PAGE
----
FESTIVAL 8pm —lOpm

COMEDY REVIEW Murray Lachlan Young * ‘k ‘k t

A dandy With a Michael Hutchence barnet, Vic Reeves's wardrobe, and the manner of Dr Seuss on battery acid, Murray Lachlan Young is gurgling whisky and administering gentle telling-offs to latecomers to his show. Hype7 It would be more surprising were there not a cloud of expectation buzzing around the man. Fame has a price of course, and a surreal bill of fare it is too There’s the hassle of being stalked by the Rolling Stones, your aunt swapping her wealth for

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Murray Lachlan Young: fine and dandy

finest Colombian marching powder, and havmg to keep the company of sycophantic PR slimes. And you think you've got problems? (Rodger Evans) I Vice And Verse: The Poetry Of Murray Lach/an Young (Fringe) Murray Lachlan Young, Assembly Rooms (Venue 3) 226 2428, until 30 Aug,

£7. 50/f8.50 (£6.50/f750).



* t

This show opens With a spoof of local

radio which is only slightly amusing and a good five minutes too long.

Thereafter, the whole play is terribly stretched and not really worth the time and effort lavished on it by Gowan Calder and Leonard McCaffer.

An under-achievmg DJ for 'Radio Firth' and a failed middle-aged actress discover after three years together that they still have a few secrets. The relationship falls apart.

It’s like tuning in to an episode of a foreign soap: formulaic, everything's blown out of proportion and you can't relate to any of the characters. One further drawback -- you can't change channels. (Stephen Naysmith)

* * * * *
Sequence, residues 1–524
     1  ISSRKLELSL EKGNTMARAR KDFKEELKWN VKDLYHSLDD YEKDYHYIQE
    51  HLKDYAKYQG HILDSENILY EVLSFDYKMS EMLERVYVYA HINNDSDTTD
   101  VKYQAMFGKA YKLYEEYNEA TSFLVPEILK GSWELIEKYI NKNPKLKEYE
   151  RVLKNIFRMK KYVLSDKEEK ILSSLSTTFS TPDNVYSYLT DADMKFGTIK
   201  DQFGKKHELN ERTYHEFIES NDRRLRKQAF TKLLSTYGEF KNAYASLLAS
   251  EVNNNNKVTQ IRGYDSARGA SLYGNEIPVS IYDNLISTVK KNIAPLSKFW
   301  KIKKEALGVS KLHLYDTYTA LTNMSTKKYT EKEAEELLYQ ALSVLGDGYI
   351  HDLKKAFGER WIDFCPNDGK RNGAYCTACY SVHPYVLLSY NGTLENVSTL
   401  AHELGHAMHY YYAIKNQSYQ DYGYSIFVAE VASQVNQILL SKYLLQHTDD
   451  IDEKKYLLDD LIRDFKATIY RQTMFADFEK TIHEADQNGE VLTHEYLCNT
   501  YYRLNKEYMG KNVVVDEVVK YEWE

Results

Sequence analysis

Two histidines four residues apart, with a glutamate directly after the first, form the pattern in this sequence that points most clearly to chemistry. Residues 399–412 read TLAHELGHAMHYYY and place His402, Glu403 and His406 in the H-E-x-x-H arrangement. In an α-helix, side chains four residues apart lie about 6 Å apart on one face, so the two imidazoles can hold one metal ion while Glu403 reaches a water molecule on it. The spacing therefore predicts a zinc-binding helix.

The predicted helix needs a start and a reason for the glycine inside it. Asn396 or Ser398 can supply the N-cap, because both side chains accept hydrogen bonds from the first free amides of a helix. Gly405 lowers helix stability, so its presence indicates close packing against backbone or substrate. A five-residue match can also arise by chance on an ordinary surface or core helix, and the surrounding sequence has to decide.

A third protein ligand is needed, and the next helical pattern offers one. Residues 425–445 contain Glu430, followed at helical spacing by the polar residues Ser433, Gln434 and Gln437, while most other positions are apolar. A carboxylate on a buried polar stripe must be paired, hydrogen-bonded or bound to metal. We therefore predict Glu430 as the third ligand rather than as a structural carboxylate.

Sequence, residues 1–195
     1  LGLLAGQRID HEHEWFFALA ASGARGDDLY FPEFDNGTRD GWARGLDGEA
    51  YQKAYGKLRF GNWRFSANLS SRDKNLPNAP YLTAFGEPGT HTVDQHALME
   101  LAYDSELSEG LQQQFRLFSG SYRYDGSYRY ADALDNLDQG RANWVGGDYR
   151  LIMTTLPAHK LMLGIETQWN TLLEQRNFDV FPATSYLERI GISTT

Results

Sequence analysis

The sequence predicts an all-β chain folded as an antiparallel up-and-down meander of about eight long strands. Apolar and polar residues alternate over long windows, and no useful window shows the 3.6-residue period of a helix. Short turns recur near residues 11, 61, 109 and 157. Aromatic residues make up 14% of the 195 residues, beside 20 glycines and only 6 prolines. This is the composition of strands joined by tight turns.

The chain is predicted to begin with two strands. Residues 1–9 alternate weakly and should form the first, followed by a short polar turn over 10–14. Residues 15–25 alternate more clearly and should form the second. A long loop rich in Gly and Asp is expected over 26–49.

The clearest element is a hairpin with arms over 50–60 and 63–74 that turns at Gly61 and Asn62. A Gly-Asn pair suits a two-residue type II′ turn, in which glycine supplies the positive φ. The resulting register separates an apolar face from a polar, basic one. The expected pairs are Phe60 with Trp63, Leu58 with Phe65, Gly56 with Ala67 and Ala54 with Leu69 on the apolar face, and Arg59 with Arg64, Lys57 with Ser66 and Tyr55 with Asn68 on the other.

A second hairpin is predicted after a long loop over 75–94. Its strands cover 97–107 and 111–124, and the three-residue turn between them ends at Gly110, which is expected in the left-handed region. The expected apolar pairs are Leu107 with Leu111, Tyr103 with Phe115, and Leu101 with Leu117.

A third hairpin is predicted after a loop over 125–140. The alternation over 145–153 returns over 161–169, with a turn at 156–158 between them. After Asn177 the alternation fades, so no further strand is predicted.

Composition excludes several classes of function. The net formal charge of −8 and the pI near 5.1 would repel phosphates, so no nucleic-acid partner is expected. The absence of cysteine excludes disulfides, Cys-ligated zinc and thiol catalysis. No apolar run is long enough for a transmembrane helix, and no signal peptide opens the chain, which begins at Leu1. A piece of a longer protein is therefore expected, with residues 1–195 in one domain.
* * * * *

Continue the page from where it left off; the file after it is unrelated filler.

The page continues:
I Lush (Fringe) White Rabbit Cowboys, The City Cafe (Venue 750) 229 5600, until 28 Aug, 8pm, £5 (£4).


Jason Freeman fir fir * 1r

Swamp donkeys on crack, Scrabble- playing demons, and a friend called Johnny Bang Bang. We all have our crosses to bear, but Jason Freeman must have inherited the Crucifix factory. HaVIng played Sid VICIOUS In Richard Herring’s show last year, and appearing none the worse for the experience, Freeman is a charming and effusive caffeine guzzler With facial hair on loan from Steve Buscemi. He refuses to tells Jokes per se, but overcomes this daft post-modern affliction by offering invaluable worldly

adVice, and laughing at fat people falling off camels until fizzy stuff comes out of his nose. We've all been there. (Rodger Evans)

I Jason Freeman (Fringe) The Pleasance (Venue 33) 556 6550, until 30 Aug (not 26) 9pm, £8/f8. 50 (£7/£7.50).


Opium Eater ****

Andrew Dallmeyer’s account of Thomas De Quincey's stay in 18203 Edinburgh proves that Auld Reekie not only had a drug culture long before Trainspotting, but long before trains.

De Quincey lives in utter poverty, agonizing over magazine deadlines and trying to write his masterpiece Confessions Of An Opium Eater. His only comforts are his laudanum tincture and the companionship of a simple beggar, Willie.

The banter between the two is great sparky tragi-comic stuff, owing more than a little to Laurel and Hardy. Their relationship is compassionate and touching, an oasis of humanity amid dissolute city slums. Heartbreakineg good. (Peter Ross)

I Opium Eater (Fringe) Australian National Theatre Company, Netherbow Theatre (Venue 30) 556 9579, until 30 Aug, 8.30pm, f7 (f4 50)


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Film Theatre GLASGOW 0141 332 8128

Showcase Showcase ousoow GLASGOW Paisley East 0141 887 0020 01236 438000